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RoofRay solar energy calculator

2008-08-14 15:43:48.585468+00 by Dan Lyke 7 comments

RoofRay - calculator to determine the solar potential of your roof. Our house is almost directly north-facing, so we've got the back side of our roof to play with (modulo various vents and pipes), but given our electric bills and general ability to conserve photovoltaics make zero sense for us. However, I am thinking about solar hot water pre-heating.

[ related topics: Real Estate Photovoltaics ]

comments in ascending chronological order (reverse):

#Comment Re: made: 2008-08-14 18:52:50.691852+00 by: ebradway

Wow! I hear a lot of arguments saying that Google Maps is useless for real GIS analysis. This is a great example of a lightweight analysis using Google as the basemap. It would be fun to take this thing apart to see how much geography they actually have imbeded in it (like latitude, average cloud cover, etc).

#Comment Re: made: 2008-08-14 19:30:11.236829+00 by: warkitty

I tried to get an analysis, but it kept timing out.


#Comment Re: made: 2008-08-14 20:09:14.92781+00 by: Dan Lyke

Warkitty, bummer, it was right fast for me.

Eric, they claim that their month-by-month estimate includes way more than you suggest:

This estimate is based off of your coordinates and regional characteristics such as the average weather cycle, cloud cover, surface albedo, and the orientation and area of your solar array.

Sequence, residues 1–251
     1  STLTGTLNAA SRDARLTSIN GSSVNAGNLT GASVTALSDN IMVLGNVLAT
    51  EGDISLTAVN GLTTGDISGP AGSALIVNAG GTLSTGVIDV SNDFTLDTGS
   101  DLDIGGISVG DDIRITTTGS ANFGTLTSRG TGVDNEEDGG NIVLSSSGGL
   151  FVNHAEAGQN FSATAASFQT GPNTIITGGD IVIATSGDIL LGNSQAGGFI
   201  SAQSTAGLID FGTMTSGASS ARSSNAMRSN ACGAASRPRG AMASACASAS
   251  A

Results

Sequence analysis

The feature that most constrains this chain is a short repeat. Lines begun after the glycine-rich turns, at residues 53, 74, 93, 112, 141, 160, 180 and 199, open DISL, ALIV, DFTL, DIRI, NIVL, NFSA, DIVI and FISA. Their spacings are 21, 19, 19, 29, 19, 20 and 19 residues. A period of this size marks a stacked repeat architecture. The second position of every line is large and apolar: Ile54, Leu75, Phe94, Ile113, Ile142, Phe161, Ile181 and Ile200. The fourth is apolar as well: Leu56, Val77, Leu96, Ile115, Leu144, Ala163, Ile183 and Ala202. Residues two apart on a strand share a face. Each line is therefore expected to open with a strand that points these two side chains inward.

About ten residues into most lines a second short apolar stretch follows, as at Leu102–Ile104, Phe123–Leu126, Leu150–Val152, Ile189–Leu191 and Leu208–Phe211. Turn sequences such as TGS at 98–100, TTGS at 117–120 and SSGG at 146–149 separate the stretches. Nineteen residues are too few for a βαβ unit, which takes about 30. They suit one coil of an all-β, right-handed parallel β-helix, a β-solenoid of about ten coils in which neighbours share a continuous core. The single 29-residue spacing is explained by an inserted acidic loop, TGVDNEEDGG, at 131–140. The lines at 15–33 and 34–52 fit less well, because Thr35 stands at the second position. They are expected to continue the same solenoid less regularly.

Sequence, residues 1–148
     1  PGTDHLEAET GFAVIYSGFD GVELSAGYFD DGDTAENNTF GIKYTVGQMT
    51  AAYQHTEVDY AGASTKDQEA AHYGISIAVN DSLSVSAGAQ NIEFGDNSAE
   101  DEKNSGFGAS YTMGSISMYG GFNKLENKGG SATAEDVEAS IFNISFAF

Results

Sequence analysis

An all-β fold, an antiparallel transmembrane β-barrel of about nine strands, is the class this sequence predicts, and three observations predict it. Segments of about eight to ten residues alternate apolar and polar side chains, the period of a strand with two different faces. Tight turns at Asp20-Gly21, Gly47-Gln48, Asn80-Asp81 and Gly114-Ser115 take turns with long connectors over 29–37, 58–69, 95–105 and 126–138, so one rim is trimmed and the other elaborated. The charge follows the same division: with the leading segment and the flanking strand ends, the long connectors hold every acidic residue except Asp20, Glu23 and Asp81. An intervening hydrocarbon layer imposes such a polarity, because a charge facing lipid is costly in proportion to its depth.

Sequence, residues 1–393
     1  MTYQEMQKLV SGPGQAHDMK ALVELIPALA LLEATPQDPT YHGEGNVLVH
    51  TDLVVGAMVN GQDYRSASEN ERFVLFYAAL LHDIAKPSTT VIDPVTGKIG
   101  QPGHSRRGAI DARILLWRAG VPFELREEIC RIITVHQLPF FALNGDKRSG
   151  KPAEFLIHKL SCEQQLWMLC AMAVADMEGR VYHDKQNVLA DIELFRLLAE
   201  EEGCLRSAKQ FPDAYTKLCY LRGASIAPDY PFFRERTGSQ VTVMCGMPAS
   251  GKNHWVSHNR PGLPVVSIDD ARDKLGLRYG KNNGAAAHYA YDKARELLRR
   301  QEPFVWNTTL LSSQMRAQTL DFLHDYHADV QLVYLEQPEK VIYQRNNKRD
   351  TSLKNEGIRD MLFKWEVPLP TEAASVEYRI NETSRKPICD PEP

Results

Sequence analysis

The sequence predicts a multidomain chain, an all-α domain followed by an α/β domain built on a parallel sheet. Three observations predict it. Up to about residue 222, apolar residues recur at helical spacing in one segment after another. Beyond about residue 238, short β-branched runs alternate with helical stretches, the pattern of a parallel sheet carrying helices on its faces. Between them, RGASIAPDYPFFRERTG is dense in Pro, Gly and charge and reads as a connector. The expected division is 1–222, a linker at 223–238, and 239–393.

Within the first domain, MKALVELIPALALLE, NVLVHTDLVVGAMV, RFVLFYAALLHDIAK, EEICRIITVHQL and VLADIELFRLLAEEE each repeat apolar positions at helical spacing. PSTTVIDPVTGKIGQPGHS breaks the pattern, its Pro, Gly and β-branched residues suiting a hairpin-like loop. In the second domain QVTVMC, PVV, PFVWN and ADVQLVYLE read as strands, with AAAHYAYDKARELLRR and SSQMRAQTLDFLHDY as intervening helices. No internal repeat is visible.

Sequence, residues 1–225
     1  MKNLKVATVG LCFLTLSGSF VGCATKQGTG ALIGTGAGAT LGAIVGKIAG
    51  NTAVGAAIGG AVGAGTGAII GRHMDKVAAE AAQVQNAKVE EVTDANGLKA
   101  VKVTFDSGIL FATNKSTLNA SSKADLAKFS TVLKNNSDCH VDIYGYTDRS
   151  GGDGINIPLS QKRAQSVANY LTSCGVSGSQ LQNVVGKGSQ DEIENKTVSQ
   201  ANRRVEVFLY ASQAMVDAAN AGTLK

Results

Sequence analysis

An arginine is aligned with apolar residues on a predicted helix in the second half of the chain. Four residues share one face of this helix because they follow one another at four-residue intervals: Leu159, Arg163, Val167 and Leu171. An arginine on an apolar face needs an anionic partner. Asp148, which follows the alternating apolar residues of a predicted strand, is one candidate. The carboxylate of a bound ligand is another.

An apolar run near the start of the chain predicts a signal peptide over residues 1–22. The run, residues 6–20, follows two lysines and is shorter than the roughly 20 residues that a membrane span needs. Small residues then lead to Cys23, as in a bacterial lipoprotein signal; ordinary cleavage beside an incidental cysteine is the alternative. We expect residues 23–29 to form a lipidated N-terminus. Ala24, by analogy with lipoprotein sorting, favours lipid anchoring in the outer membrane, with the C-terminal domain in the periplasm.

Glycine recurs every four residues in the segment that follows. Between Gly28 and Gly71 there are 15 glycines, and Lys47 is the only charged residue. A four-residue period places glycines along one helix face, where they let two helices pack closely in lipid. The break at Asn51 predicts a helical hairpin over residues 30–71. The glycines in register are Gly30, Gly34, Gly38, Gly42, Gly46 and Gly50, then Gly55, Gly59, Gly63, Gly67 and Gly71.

Given that they adjust for seasonal energy costs, I can't imagine that they're not also looking at seasonal energy production. I'd have to get more specific with our bills, but with an off-the-cuff PG&E bill of $80/month, which is probably way high, especially since our summer bills nowadays seem to be closer to $20 and summer energy should cost me more, the pay-off was 17 years.

Which leads me to my main issue with photovoltaics right now: I've a rough idea that commercial manufacturers of silicon cells are looking at 5 years for manufacturing capitalization payoff, and there's a lot of uncertainty over technologies, my gut feel is that that payoff by 2025 will remain roughly constant for at least 10 years.

#Comment Re: made: 2008-08-14 20:55:09.109878+00 by: spc476

The top edge of our roof is aligned east-west, which gives us half the roof facing direct south (in South Florida). And no matter how much or little I cover with solar cells, the break-even point is, at best, 18 years down the road (which also includes part of the backyard covered). Even with Lake Worthless Utilities (city-run utility which is twice the price of the state run FPL) solar isn't cost effective for us.

#Comment Re: made: 2008-08-14 22:05:08.18272+00 by: Larry Burton

Well, Dan, unless you retrieved that link from a known busy, busy site I think we just "Flutterbyed" roofray.com.

#Comment Re: made: 2008-08-14 22:55:49.239848+00 by: meuon

Their calcs show a 25 year payback on a $35k system. My calcs give a 5-7 year payback on a $20k 5kw system with a 15% annual rate hike.

#Comment Re: made: 2008-08-15 20:59:32.880614+00 by: Diane Reese

I'm in the middle of active negotiations with two solar firms to add PV arrays to our roofs. The calculations on this site agree almost exactly with the estimtates we're being given for costs and paybacks. So this datapoint suggests they're at least in the ballpark for CA residences at this time.